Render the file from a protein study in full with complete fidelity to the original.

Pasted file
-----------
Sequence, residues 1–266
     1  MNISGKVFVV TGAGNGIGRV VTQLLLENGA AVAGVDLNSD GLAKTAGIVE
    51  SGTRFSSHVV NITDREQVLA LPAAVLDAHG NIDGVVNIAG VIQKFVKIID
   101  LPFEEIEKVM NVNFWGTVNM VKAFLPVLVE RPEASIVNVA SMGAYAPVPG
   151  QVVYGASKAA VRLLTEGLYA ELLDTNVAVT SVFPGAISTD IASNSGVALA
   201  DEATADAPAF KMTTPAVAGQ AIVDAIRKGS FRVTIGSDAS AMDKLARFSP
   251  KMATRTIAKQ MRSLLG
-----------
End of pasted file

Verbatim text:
Sequence, residues 1–266
     1  MNISGKVFVV TGAGNGIGRV VTQLLLENGA AVAGVDLNSD GLAKTAGIVE
    51  SGTRFSSHVV NITDREQVLA LPAAVLDAHG NIDGVVNIAG VIQKFVKIID
   101  LPFEEIEKVM NVNFWGTVNM VKAFLPVLVE RPEASIVNVA SMGAYAPVPG
   151  QVVYGASKAA VRLLTEGLYA ELLDTNVAVT SVFPGAISTD IASNSGVALA
   201  DEATADAPAF KMTTPAVAGQ AIVDAIRKGS FRVTIGSDAS AMDKLARFSP
   251  KMATRTIAKQ MRSLLG